New York City’s Winter Show returned to its longtime home at the Park Avenue armory for its 69th iteration, with some of the world’s premier dealers and galleries exhibiting a myriad of rare objects: fine furniture, dazzling jewelry (both big and small!), imperial art, works on paper, large tapestries, and more.
Aside from the basic delight of being around beautiful objects, the fair is beneficial to collectors because it is simply a one-stop shop for decorative items. For example, the Thomsen Gallery from New York exhibited “The Nest” by Möri Shükö (1929), a two-panel folding screen depicting four young egrets in a mature pine tree. For those in the mood for a decorative mirror, perhaps a rare Venetian one with blue glass used to decorate its border from Clinton Howell Antiques will do (all you will need is $65,000). Lighting should never be looked over in a home or space. Luckily for those perusing the booths, a series of Tiffany lamps in a kaleidoscope of colors were readily available. As was a set of Salvador Dalí cutlery warped into vegetative shapes for those looking for a quirkier addition to their collection.
But, the nine day event is not a solely commercial affair. In fact, The Winter Show was conceived in the mid-1950s with philanthropy in mind. Since its beginning, proceeds from ticket sales (today, general admission is $40 for adults and the collector’s pass is $250) benefit the East Side House Settlement: a community-based organization serving the Bronx and Northern Manhattan that focuses on using education and technology for economic opportunity.
In addition to the standard ticketing during the day, the fair also consists of two special ticketed evenings. The first is an opening night where longtime attendees get to preview the booths before most others. The second is the Young Collectors Night, where new design and art enthusiasts are welcomed in for an evening fête.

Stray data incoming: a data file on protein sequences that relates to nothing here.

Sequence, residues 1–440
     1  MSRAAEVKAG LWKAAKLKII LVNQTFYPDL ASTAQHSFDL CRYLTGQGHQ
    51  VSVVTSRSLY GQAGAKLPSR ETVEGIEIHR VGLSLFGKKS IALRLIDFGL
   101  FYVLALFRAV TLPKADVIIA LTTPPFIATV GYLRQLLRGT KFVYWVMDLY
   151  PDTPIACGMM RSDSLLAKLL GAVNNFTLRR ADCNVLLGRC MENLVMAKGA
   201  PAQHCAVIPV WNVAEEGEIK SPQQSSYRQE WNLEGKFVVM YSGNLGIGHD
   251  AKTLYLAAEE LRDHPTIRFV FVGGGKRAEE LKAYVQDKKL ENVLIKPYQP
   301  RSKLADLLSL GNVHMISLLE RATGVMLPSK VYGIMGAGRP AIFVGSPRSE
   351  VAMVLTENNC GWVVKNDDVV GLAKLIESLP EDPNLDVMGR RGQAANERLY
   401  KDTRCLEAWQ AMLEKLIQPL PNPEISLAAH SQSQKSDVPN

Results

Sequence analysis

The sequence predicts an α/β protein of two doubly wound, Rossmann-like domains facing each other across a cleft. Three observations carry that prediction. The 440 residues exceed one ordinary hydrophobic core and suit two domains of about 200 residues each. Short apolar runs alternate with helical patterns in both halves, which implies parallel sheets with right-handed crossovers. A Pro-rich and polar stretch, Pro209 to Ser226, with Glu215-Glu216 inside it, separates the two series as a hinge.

“It’s always important to give back when you can,” Elise Taylor, one of the evening’s co-chairs tells Town & Country. “The Winter Show’s Young Collector Night, which raises funds for the East Side House, is just a fun way to do so. You grab a martini at the bar, some hors d’oeuvres, and then wander around a maze full of centuries-old treasures for the next few hours.” Taylor speaks from experience. She tried on a 19th-century tiara and stumbled upon a medieval suit of armor during the evening.
This year, Emily Adams Bode Aujla, the fashion designer behind the brand Bode, & Aaron Singh Aujla, the furniture designer behind Green River Project, were the honorees of the Young Collector’s night. ” We honored them because both Bode and Green River Project bring an incredible amount of rigor, scholarship, and innovation to the realm of aesthetics driven by history,” Michael Diaz-Griffith, co-chair of the Young Collector’s Night, tells T&C. “Everything they do refreshes the way we look at some aspect of history and antiques or historic preservation and they put a lot of work in that with integrity.”
This year’s show runs through January 29. For tickets, and more information about the exhibitors, future events, and other programs, visit wintershow.org.
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